A new study by the University of California Davis Center for Watershed Sciences finds that the worst drought in state history could cost the agricultural industry $1.7 billion this year and eliminate 14,500 jobs in the farming sector of the economy. The California Department of Food and Agriculture requested the preliminary study, which used computer models, water delivery figures and groundwater pumping capacities to show that farmers in the Central Valley would get one-third less irrigated water this year.
“We wanted to provide a foundation for state agricultural and water policymakers to understand the impacts of the drought on farmers and farm communities,” said lead author Richard Howitt, a UC Davis professor emeritus of agricultural and resource economics.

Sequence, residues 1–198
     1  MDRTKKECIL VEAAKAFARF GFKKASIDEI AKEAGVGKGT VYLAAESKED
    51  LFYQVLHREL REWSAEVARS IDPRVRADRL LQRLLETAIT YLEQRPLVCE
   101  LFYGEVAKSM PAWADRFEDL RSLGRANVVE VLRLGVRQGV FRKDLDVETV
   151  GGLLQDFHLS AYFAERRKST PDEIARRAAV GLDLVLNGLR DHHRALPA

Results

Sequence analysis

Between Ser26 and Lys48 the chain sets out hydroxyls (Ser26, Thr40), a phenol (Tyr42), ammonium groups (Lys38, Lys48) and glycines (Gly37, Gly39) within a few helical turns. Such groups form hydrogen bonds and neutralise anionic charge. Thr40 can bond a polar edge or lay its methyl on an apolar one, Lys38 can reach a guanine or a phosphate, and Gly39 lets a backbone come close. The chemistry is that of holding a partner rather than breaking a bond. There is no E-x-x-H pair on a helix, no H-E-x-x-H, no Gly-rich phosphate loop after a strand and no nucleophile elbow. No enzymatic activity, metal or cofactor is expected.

The Central Valley is known as “America’s food basket” and is the richest food-producing region in the world. The seven million acres of irrigated farmland grows much of the nation’s fruits, vegetables and nuts. Due to the drought, 410,00 acres, or six percent of irrigated cropland, will lie fallow and groundwater pumping will cost $450 million.
With recent wildfires raging across the state and no end in sight for California’s driest period in more than 400 years, Governor Jerry Brown has joined President Barack Obama in pointing the finger squarely at man-made global warming as the cause of the drought that has caused a water crisis and turned the state into a tinderbox.
“We have to adapt because the climate is changing,” Brown said in a speech to the scientific community in Sacramento. “Now there’s no doubt that the evidence has been strong for quite a while, and it is getting even stronger.”
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